There are several other key considerations besides the waveguide assembly and filling volume. Cross-contamination should be avoided through careful cleaning procedures. Evaporation must be considered for lighter molecules and can limit the resolution in these cases. The RI resolution of this procedure in general is limited by the variation between multiple data sets of the same material, but future improvements in the repeatability may reduce the resolution to the limit set by the spectral resolution of the apparatus.
Future improvements for this technique include adapting the sensor design to a closed channel to eliminate filling errors and to allow continuous flow monitoring and developing a reliable cleaning technique that does not require disassembly of the waveguide. There are some limitations that are inherent to the technique - such as the restriction to nonpolar liquids, due to strong terahertz absorption by polar molecules - but others such as the resolution and repeatability have the potential for considerable improvement. As it stands, this technique has been established as a simple and cost-effective technique for RI sensing and monitoring, particularly for industrial applications.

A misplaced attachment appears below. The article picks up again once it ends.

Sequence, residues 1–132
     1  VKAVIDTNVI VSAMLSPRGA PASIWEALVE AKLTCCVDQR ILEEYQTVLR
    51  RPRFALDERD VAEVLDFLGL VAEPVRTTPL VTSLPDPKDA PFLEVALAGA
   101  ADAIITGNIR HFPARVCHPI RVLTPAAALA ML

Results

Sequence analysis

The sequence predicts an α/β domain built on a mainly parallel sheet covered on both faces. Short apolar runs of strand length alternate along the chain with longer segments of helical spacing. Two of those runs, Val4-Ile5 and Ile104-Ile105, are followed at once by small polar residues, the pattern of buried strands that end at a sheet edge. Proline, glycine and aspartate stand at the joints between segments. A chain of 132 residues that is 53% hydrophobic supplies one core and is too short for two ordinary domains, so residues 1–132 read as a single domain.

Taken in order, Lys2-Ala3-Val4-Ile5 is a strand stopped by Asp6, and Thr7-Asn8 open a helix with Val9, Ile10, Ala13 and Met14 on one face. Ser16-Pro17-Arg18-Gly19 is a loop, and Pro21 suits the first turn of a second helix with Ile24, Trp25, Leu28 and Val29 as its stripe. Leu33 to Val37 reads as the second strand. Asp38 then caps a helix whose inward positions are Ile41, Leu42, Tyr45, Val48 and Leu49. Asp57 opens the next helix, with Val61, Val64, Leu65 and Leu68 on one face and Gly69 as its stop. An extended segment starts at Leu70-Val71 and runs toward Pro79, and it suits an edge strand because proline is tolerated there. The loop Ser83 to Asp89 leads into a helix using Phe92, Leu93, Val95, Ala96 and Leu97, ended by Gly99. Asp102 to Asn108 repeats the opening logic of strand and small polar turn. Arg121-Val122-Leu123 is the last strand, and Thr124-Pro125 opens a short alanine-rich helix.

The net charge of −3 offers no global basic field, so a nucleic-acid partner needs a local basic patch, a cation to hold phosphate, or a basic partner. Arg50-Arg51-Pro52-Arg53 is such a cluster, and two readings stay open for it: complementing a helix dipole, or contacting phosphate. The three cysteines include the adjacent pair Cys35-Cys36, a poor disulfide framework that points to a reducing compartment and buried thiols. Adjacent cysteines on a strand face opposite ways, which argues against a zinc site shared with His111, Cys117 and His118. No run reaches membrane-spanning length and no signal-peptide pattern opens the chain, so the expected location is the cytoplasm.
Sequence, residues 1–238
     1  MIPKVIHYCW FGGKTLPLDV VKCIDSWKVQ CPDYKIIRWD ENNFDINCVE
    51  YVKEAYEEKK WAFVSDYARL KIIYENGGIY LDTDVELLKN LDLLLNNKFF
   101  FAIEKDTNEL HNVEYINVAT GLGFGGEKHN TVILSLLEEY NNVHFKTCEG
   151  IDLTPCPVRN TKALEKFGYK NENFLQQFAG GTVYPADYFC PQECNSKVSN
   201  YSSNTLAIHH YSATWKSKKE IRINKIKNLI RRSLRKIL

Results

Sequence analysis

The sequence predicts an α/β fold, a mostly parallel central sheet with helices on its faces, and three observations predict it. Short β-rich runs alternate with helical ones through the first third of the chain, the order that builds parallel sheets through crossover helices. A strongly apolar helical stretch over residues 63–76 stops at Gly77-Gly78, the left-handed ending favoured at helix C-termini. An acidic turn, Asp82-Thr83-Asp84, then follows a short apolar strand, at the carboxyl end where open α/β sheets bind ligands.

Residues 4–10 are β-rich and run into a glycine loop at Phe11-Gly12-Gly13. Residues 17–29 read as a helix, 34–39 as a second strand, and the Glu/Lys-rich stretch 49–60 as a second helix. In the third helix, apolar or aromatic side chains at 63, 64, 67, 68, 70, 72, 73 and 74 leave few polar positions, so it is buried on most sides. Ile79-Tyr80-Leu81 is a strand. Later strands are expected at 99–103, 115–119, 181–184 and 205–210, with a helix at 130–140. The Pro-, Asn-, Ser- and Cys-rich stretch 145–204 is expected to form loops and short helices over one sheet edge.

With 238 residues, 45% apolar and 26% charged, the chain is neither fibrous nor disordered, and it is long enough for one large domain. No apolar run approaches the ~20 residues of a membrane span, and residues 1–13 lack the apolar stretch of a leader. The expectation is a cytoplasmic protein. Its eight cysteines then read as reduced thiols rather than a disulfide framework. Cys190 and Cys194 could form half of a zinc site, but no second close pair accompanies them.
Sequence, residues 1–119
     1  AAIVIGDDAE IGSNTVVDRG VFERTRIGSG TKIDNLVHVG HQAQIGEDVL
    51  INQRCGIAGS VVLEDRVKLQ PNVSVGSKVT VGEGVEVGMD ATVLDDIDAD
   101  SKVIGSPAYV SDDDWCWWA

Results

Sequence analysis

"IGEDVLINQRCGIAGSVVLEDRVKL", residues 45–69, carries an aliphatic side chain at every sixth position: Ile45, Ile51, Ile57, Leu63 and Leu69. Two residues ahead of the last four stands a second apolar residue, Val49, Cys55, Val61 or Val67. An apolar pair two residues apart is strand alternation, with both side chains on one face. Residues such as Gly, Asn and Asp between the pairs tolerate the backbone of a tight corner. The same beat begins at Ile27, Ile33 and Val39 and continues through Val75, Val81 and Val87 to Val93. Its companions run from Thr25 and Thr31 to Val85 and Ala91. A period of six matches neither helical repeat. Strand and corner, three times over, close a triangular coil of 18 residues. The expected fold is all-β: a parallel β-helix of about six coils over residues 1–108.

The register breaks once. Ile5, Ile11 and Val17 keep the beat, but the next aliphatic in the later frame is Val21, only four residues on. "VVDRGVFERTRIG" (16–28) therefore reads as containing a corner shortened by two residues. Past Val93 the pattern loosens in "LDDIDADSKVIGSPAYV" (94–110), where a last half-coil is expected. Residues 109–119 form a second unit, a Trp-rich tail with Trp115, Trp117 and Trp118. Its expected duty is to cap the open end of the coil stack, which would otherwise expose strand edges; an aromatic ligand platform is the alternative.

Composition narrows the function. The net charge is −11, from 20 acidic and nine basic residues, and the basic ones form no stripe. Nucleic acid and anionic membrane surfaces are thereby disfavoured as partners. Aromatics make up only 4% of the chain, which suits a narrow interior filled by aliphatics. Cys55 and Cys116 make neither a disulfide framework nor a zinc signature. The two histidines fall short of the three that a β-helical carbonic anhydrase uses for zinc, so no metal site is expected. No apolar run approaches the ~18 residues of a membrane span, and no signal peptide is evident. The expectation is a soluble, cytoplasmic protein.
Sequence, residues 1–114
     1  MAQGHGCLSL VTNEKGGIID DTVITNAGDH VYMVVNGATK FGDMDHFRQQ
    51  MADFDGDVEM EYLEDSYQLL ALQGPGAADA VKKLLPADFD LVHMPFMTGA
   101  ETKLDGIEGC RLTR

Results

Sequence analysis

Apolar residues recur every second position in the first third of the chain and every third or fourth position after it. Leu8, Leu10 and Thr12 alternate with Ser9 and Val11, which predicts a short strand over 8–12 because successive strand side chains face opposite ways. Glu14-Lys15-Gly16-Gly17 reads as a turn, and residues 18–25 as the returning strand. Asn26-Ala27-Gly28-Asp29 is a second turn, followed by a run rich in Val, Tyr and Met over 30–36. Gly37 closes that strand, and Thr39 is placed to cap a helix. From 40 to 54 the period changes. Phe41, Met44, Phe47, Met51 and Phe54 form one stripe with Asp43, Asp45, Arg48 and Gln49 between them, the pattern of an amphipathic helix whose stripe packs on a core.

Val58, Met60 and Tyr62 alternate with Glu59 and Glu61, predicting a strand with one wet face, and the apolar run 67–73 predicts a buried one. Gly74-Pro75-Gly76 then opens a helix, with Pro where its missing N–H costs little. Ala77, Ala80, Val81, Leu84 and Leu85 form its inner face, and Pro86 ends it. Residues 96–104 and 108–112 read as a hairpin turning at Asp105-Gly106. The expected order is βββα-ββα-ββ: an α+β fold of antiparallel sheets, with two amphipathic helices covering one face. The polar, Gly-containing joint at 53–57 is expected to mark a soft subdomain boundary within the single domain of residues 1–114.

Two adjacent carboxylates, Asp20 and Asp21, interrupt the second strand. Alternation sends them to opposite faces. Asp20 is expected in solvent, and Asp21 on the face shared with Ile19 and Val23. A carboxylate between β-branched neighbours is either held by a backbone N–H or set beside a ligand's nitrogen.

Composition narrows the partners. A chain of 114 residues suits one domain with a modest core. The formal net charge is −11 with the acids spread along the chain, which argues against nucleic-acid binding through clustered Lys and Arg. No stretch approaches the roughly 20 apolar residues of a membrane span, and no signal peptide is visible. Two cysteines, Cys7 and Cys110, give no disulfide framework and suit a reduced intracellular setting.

No conflicts of interest declared.
This project was supported in part by the National Science Foundation and by the Air Force Research Laboratory through the CONTACT program.
|10 μl syringe||Hamilton||80314||High precision syringe|
|Liquid alkanes||Acros Organics||Samples for calibration and testing|
No specific equipment is required. Suitable test materials and solvents are left to the experimenter’s discretion. The high-precision syringes used in this procedure are listed in the table below, but the experimenter may wish to use syringes of a different volume or design, including digital syringes for improved accuracy. The test alkanes used in this experiment are also listed.